Lent in the Atrium
Today in the atrium we changed our prayer table cover from white for “ordinary time” to purple for Lent.
It is always a particularly poignant moment when we change the prayer table cloth together. Everything must first be gently removed from the table. The candles, the candlesticks, the cross, the icons, the Bible, the Bible stand, and the two blocks we use to prop up our cross. Then our whole Catechesis of the Good Shepherd class processes around singing a liturgically appropriate song. For this prayer table change, we sing “40 Days and 40 Nights”:
“Forty days and forty nights, Jesus fasted in the wild
Forty days and forty nights, Christ was tempted in the wild”
It’s interesting how many questions and discussions this simple song can encourage. Here’s just a sampling of the kind of meditations I’ve heard over the years.
“Why does Jesus get called Jesus and Christ?”
“Why forty days? That’s a long time!”
“What does fasted mean?”
“Why do we get tempted?”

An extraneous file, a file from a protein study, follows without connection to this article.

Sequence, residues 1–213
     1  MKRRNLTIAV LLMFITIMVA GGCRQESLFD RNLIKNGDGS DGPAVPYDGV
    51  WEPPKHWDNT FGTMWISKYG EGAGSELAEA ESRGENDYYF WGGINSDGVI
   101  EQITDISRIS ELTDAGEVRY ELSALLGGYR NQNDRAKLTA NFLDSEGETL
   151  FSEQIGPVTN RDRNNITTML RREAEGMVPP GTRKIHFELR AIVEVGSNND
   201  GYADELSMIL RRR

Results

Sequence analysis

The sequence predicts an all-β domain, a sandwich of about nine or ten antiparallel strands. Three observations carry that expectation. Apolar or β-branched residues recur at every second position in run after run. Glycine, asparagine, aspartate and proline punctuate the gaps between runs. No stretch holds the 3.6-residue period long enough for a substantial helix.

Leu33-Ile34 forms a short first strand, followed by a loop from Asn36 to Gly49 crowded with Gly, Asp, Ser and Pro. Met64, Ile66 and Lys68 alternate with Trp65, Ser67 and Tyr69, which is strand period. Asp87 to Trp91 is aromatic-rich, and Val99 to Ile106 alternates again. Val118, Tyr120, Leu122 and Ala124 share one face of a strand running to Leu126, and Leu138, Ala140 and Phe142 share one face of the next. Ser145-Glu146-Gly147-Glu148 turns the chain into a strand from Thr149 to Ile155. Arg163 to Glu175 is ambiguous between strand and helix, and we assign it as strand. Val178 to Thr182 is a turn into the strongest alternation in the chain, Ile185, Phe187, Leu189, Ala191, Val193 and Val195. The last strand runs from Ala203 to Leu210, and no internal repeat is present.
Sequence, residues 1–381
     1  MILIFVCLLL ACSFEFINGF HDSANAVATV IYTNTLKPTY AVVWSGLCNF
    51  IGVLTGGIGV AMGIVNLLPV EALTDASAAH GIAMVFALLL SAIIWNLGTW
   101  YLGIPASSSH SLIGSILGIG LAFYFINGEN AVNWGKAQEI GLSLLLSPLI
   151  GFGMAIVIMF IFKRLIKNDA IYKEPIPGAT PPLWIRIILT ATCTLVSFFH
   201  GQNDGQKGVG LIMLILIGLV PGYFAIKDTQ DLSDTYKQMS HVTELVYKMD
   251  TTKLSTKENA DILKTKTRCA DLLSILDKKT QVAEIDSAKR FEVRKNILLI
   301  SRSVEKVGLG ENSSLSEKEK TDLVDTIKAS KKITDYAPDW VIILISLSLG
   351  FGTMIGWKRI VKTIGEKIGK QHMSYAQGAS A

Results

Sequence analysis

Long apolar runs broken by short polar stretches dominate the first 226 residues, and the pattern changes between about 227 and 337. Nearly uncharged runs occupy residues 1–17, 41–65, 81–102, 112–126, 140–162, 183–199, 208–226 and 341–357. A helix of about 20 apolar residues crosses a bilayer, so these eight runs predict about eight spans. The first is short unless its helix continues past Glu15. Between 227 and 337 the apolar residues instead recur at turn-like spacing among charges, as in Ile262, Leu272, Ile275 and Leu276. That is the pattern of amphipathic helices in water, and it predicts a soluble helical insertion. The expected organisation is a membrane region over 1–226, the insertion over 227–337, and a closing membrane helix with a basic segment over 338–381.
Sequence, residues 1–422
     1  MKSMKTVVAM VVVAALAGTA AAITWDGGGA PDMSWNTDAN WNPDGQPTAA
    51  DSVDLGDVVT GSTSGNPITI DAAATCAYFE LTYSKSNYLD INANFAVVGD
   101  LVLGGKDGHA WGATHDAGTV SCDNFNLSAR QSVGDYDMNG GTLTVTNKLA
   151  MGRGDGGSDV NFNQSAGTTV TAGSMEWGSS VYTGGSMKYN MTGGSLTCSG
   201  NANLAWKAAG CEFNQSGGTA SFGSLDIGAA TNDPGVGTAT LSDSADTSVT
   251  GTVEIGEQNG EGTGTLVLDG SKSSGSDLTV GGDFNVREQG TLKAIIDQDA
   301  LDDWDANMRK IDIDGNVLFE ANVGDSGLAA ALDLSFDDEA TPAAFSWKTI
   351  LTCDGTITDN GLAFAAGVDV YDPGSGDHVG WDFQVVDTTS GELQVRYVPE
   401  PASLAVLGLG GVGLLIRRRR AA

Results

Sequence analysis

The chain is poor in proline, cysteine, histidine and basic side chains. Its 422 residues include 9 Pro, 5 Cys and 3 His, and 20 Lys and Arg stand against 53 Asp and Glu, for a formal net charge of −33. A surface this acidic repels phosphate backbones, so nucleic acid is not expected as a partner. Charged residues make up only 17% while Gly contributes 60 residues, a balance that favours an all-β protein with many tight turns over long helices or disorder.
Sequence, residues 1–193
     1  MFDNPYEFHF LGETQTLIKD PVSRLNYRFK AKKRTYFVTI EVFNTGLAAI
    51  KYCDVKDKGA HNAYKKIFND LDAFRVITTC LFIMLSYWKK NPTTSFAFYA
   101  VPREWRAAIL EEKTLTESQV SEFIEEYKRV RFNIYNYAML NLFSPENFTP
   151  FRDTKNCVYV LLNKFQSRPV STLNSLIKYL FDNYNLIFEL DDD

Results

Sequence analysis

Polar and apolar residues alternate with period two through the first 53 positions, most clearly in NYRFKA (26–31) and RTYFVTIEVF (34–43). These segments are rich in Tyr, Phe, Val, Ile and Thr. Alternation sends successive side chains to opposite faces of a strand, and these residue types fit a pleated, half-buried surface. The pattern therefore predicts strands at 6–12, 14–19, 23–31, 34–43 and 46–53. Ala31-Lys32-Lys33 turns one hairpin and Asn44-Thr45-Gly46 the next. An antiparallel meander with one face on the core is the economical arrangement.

And on and on the questions grow. They keep growing in part, because changing the prayer table also causes us to start meditating on the events leading up to the death of Christ. For our youngest ones, we listen and pray through the story of the Last Supper. We ponder the mystery of the Body and the Blood in the eucharist. We also wonder at the fact that the Good Shepherd would lay his life down for his sheep.
As a student grows in the atrium to be in Kindergarten, we move on to looking at the story of what led to Jesus’ death and resurrection. Students build the City of Jerusalem and trace the path Jesus walked on Holy Week. Questions begin to emerge, “Why didn’t Pilate stop them from killing Christ?” “How could a friend betray you?” “Why doesn’t Jesus stop them?”
In the Level Two atrium, (first and second grade), changing the prayer table cloth means a shift in focus toward repentance. In their atrium, level two students continue to pray and walk with Christ on his road of suffering, but they also begin to study the law of God and reflect inwardly on its application. During this time we study parables like “The Pharisee and the Tax Collector”. We focus on Lent being not only preparation for Pascha, but also the place the repentance holds in preparing us for Pascha.
This is deep, difficult, and profound work by our younger students. Please pray for us this Lenten season. Pray that we will see Christ, repent, and become more like Him.
Lord Jesus Christ, son of God, have mercy on me a sinner.